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New Europe

Day Eighty-six: Tallinn to the Latvian border

Latvian border 
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BBC budget cuts begin to bite at the Latvian border.
Michael Palin - New EuropeLater in the afternoon the King of the Setu drives round to talk to us. King Ritzier, a handsome young man who in his national dress looks a bit like an estate agent appearing in a pantomime, seems tired. I sense from him that the good days are over. The Setu were farmers and their culture, he explains, drew its strength from the woods and the forests. This pagan tradition has been diluted over the years and Christianity mixed in through the influence of the Russian Orthodox Church. The re-drawing of the border has divided the Stoma, as they call their land, as never before and their Russian roots have made life in Estonia a little more difficult.

I leave the singing Setu with admiration and a little sadness. They're a small group with no big friends.

It was the Soviet occupation that began in 1944 that turned the Estonians so bitterly against their mighty eastern neighbour, and at Vaster Rosa, a village close by the Latvian border, is a network of tunnels and dug-outs that were built by the Forest Brothers, a resistance network that kept up a guerrilla campaign against the Soviet army for almost twenty years after the Second World War ended. Moving by night and under cover of the great Baltic forests, they blew up bridges, attacked convoys and generally stung the Russian bear wherever possible. The authorities reacted by deporting over 20,000 Estonians to Siberia, whilst bringing in thousands of workers from other parts of the Soviet empire to keep the country running.

Accompanied by a son of one of the Forest Brothers, now a portly and prosperous farmer, I climb a low hill (quite a phenomenon in a country whose highest point is less than 1,000 feet) onto a ridge covered with holes dug 10 feet into the earth. These claustrophobic timber-lined chambers often sheltered entire families. We squeeze down into one of them. It's a cool and refreshing retreat from the mosquitoes and the thick summer heat, but almost impossible to imagine living down there for months, let alone years. My friend showed me one of the reasons why they were able to bear this troglodytic existence - a large bottle of a clear grappa-like liquor, which was the Forest Brothers' secret weapon. They jealously guarded its quality, which could only be tested by the imbiber pouring a glass, sticking his forefinger into it, then passing his finger over a candle. If a flame burnt around the finger then it was the real thing. Still smarting from the leech holes in my side, a charred finger seems a small price to pay and after a couple of glasses I don't feel anything anyway.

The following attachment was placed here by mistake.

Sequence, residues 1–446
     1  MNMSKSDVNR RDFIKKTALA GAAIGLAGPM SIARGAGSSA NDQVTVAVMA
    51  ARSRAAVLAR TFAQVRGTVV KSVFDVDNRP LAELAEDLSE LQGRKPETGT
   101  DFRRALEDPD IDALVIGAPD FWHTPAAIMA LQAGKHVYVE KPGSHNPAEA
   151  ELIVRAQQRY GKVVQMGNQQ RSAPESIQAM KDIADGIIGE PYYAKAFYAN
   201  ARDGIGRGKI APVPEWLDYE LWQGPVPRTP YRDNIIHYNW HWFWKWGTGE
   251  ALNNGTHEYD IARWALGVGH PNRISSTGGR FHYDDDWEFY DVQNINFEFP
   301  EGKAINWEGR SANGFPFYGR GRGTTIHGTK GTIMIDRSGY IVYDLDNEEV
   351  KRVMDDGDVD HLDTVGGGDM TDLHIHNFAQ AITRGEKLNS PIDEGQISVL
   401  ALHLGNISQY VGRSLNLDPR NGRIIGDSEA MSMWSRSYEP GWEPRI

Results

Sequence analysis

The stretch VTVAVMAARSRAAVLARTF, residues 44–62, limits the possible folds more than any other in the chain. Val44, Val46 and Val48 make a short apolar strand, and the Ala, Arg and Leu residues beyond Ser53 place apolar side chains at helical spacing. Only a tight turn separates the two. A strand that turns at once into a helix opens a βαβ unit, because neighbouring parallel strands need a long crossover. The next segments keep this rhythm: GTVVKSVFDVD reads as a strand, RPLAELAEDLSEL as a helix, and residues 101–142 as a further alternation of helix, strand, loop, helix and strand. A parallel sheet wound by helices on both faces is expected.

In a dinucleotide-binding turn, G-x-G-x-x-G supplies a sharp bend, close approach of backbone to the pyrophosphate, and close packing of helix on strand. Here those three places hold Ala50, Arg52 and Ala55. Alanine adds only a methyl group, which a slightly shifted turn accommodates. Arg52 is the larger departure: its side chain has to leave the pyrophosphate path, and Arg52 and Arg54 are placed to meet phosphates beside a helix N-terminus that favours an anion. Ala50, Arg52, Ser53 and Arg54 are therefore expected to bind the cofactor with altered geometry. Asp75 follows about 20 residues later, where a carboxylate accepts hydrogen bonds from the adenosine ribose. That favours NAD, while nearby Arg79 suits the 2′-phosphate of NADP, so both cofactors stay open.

Not far along the road we come upon what must surely be one of the world's most peaceful border-crossings. The silence only broken by the chatter of birds and insects and the very occasional, almost furtive, car. The name of the crossing, Ape, seemed strangely suitable in the middle of a forest.

On two long poles above a modest cabin fly the blue, black and white stripes of Estonia, with the flag of Latvia, white stripe on a dark red background, fluttering alongside. The combined population of both countries may amount to only half that of London, and yet they take their independence seriously. Beyond Ape lies a new language, a new currency and a whole new history.
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PALIN'S GUIDES

  • Series: New Europe
  • Chapter: Day Eighty-six: Tallinn to the Latvian border
  • Country/sea: Estonia
  • Place: Vaster Rosa
  • Book page no: 207

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